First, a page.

The View from the Cheap Seats

By Neil Gaiman

–Review by Paula Jones

Neil Gaiman’s writing can be a lot like coffee. You have to develop a taste for both, but in doing so, both will eventually grow into a craving. When first introduced to his work, I was only mildly impressed, but because my daughter and niece both adore him, I continued to read. These days, I anticipate his new publications with eagerness, so much so that I purchased The View from the Cheap Seats (TVFTCS) the day it debuted.

Gaiman is known far-and-wide for the fantasy novels and graphic novels for which he has received 67 prestigious writing awards. In 2010, he became the first author ever to win both the Newbery Medal and the Carnegie Medal for the same work (The Graveyard Book). That said, TVFTCS, being 100% non-fiction, is not his typical fare. Considering that Gaiman began his career as a journalist, this is obviously not his first foray into non-fiction. In the years since those early days as a reporter, he has since written numerous forwards to republished science fiction classics, countless keynote addresses for various writer and reader conferences, multiple eulogies for other writers, and even several introductions to albums. TVFTCS is a compilation of many of these short addresses and essays.

As one reads through it, they find themselves knee-deep in a class on the history of fantasy, science fiction, and graphic novels. They also find themselves discovering the man Neil Gaiman as he divulges his innermost thoughts while describing the events, the people, and (most of all) the books that have influenced his life and style. In his 2012 commencement address at University of Arts in Philadelphia (included in TVFTCS), he states, “That moment that you feel that, just possibly, you’re walking down the street naked, exposing too much of your heart and your mind and what exists on the inside, showing too much of yourself, that’s the moment you may be starting to get it right.” If that is true, Gaiman got it right. TVFTCS can almost serve as his autobiography, yet in writing it, he somehow manages never to direct undue attention to himself.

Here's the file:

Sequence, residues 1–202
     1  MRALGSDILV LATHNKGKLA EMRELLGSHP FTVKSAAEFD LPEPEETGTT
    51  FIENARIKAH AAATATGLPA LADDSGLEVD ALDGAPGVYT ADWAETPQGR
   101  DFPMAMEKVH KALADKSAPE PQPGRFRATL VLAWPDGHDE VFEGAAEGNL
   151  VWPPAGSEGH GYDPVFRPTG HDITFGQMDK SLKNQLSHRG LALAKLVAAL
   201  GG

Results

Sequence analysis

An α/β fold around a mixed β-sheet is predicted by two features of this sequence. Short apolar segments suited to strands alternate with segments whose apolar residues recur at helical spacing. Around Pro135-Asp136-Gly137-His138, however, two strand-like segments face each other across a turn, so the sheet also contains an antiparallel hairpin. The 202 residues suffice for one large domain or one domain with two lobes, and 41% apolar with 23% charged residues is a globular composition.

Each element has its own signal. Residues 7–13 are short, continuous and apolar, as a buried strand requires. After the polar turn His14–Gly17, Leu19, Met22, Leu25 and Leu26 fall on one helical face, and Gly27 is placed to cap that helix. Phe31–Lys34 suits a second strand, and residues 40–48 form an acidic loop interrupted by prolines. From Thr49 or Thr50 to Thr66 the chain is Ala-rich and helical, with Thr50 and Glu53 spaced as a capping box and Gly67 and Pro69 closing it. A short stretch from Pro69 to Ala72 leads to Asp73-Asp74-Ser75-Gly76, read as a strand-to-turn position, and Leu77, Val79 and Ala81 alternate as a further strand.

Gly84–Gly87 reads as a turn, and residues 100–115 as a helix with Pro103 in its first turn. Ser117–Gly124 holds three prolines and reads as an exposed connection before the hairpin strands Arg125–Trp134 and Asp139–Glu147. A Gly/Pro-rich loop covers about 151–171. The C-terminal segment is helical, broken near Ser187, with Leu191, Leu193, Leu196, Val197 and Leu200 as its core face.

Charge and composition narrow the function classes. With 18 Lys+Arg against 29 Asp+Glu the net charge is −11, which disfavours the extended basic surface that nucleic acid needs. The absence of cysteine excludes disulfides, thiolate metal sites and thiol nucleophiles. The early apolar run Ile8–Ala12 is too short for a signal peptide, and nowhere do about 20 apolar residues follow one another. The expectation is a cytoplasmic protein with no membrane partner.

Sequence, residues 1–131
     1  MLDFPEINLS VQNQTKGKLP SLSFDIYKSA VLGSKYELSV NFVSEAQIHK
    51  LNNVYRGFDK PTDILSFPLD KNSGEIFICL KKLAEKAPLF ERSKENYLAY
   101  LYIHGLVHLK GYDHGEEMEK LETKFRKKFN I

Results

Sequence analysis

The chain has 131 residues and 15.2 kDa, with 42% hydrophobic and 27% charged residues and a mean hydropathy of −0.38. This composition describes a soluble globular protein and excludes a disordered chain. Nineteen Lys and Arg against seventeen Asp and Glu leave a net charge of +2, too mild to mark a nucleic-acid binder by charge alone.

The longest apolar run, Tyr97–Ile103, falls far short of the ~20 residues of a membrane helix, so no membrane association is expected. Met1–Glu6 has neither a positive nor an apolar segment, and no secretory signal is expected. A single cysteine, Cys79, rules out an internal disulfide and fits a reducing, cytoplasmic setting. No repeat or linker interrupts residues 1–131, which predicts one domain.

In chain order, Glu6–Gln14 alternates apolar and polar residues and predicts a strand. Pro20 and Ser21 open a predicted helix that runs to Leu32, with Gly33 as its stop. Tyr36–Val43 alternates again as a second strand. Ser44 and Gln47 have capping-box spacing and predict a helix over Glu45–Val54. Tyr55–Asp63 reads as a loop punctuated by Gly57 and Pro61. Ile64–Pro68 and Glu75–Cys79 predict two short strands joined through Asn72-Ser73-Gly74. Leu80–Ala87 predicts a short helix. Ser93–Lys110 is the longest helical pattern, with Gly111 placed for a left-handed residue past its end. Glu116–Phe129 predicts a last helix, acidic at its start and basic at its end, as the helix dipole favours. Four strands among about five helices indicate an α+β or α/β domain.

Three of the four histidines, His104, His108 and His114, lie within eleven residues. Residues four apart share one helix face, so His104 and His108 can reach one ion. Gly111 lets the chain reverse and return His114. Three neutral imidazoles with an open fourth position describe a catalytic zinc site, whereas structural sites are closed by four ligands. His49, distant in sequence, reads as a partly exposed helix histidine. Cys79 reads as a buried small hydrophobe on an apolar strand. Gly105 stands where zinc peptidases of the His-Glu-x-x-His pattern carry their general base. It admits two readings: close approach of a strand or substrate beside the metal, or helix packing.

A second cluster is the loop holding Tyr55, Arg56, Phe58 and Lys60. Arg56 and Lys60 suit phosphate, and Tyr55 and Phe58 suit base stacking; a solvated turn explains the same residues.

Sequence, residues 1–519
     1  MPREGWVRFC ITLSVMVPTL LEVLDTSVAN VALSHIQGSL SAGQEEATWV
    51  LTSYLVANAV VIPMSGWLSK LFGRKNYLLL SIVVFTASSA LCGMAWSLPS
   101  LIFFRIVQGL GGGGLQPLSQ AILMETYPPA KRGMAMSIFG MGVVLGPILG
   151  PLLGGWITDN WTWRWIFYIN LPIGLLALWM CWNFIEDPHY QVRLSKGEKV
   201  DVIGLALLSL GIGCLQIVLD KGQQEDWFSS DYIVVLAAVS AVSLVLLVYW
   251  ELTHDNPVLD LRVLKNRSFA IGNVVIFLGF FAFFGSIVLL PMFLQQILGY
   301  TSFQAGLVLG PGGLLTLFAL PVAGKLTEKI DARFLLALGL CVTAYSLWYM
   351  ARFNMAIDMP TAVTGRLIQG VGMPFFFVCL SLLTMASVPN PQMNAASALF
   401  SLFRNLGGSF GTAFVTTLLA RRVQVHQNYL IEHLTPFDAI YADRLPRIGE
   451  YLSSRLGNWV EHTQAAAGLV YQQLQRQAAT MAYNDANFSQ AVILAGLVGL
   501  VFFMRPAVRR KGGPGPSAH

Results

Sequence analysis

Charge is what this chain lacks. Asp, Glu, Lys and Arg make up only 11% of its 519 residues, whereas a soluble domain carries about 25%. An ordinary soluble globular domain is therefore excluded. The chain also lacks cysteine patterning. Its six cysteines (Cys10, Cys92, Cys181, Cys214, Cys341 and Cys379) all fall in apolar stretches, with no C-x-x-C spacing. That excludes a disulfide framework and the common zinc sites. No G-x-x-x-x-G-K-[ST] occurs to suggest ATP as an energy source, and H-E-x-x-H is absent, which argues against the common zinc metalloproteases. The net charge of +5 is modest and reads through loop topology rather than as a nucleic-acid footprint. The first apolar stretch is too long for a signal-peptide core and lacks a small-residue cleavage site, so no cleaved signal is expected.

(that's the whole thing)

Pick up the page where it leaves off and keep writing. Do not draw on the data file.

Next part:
TVFTCS is divided into ten sections with each section revolving around a uniting theme. For example, one is comprised of his musings on comic books; one consists of his thoughts on fairy tales; one is a group of eulogies for writers who have influenced him, and one portion is composed of the forwards Gaiman has written for reissued science fiction books. On the positive side, I have added several of his favorite books to my imaginary bookshelf stocked with must-reads. On the negative side, although each essay is a work of word-art in itself, there are only so many introductions and eulogies one can read without beginning to yawn. Unless one is a devoted fan of mid-to-late twentieth century science fiction, the book bogs down in several sections.

That said, the first section of the book is exquisite. In its eleven short chapters, Some Things I Believe is practically a song of praise to books of fiction and their temples (public libraries). In it, Gaiman verbalizes a trusism known to every avid reader who first discovered the addictive power of a good book as a child, “Fiction is a gateway drug to reading.” He rhapsodizes about the value of libraries and waxes lyrical about the power of imagination. Defending ‘escapist’ fiction, which is often looked-down on as inferior to the expository style of non-fiction, Gaiman writes: